Variable DC Power Supply Build
So I’ve wanted a reliable bench power supply for a long time and it’s always been on the “to-do” list. As I’ve learned more and more about electronics I’ve considered building one at different stages and now I’ve finally done it.
Originally I’d planned to build a power supply from an old ATX supply like many have done before. In order to set this up with binding posts with a safe clearance was not going to be possible with the spare ATX supply I have. This also made the idea of adding an LM317 into the ATX supply to get ~12V adjustable was not going to happen without constructing a completely new enclosure.
After realising this wasn’t going to work, I explored the option of using LM7805 and similar LM78xx fixed linear regulators to give myself a number of fixed DC voltages to play with. During this phase I learned about the LM317 variable linear regulator and was convinced a combination of an LM317 variable voltage with some fixed voltages (5V, 9V and 12V) was the way to go. This never eventuated partially due to the current limitations of these linear regulators and partially due to my hate of perfboard/prohibitive cost of PCB manufacture.
Just this semester we’ve been learning about buck/boost converters (having only studied buck converters in the past) and in researching DC-DC converters I came across the LTC3780 which I’ve finally gone ahead and built a power supply from.
Utilising the Buck/Boost configuration allows for stepping up and down from the input voltage supplied to the module. Other reasons this module has been selected is that it allows control of the output current using a trimpot as well as just a generally higher limit on the current output when compared to the LM series voltage regulators limited to 1A.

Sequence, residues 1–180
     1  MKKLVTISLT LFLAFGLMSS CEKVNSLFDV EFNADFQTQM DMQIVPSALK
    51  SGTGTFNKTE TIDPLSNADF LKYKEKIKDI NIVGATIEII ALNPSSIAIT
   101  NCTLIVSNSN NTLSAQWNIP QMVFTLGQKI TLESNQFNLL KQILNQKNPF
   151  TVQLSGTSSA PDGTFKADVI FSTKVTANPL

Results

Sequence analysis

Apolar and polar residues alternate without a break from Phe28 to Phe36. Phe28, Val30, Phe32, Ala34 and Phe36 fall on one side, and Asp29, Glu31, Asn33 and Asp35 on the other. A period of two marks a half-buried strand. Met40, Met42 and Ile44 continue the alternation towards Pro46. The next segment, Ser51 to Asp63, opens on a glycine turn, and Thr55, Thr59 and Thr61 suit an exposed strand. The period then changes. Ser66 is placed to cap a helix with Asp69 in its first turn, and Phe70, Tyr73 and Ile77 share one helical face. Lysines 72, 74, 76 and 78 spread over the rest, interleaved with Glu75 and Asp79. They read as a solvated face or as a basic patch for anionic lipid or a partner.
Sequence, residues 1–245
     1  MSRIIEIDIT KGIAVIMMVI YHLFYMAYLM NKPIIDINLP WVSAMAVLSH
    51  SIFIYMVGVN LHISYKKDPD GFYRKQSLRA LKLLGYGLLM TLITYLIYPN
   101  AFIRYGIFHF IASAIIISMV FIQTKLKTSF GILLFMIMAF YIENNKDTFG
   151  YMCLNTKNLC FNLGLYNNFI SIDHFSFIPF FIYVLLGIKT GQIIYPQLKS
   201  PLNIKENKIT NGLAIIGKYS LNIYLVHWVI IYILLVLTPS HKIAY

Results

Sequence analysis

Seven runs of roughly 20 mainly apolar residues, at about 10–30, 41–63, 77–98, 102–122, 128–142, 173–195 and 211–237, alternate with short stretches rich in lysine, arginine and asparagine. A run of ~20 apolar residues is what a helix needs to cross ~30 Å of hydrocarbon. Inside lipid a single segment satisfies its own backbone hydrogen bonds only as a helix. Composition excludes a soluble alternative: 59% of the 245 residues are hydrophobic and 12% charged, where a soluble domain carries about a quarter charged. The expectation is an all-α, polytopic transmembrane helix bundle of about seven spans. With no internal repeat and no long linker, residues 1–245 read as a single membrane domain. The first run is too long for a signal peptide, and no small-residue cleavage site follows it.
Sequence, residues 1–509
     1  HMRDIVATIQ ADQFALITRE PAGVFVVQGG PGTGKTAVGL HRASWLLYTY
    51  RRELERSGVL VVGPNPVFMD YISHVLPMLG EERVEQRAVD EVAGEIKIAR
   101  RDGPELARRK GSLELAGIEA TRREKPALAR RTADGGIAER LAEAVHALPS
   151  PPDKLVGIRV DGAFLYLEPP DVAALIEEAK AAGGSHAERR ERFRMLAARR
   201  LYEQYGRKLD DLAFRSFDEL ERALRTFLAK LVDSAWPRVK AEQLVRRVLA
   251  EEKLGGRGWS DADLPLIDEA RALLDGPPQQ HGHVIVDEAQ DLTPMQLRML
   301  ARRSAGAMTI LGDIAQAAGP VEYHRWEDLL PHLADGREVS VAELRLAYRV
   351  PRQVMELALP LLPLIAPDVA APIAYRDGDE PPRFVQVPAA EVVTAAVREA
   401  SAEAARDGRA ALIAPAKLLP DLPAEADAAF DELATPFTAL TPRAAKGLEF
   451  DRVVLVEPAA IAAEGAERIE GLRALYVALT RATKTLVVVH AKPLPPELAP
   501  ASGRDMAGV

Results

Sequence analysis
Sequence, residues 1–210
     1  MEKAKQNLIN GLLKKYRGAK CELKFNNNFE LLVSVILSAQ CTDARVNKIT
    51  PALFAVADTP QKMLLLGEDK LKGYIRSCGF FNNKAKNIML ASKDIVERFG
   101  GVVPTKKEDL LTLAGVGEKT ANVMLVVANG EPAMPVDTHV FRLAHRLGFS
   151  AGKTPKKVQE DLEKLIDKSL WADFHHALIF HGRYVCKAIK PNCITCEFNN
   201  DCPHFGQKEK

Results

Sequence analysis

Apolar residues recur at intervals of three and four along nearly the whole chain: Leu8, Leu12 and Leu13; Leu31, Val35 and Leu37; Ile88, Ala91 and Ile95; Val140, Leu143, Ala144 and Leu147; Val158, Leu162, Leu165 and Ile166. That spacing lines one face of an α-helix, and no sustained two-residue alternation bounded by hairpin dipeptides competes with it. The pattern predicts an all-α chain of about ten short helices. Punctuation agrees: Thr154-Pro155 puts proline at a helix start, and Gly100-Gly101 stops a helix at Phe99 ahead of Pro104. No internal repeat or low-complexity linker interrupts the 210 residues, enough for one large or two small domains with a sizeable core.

- LTC3870 module - $25
- 12V “led strip”power supply - $10
- Voltmeter/Ammeter combo - $5
- Binding posts for banana Jacks (I already had some black/red) - $1.20
- 500k Potentiometer - $1.00
- 200k Potentiometer - $1.00
- Potentiometer knobs - $0.40
- IEC 240V input & switch - $2.00
- Enclosure - $15.00
- fuse holder (already had one) - $0.40
Total cost: $61.00
Assembling this power supply was not difficult in the slightest. The modular nature of this power supply means that it was essentially wiring together the individual components. Most of the assembly time was spent using the rotary tool to shape out the front/back panel holes. As can be seen from the above photos
It should also be noted that the voltmeter/ammeter that I purchased was slightly different to the one in the picture and did not require an external shunt. To wire the meter
The voltmeter is a few hundred mV out when the voltage is lower (0-15V) above this can be up to 1V out at the higher end of the scale (20-28V).
It’s not the best or cheapest or most well constructed power supply out there but it’s good enough for me right now.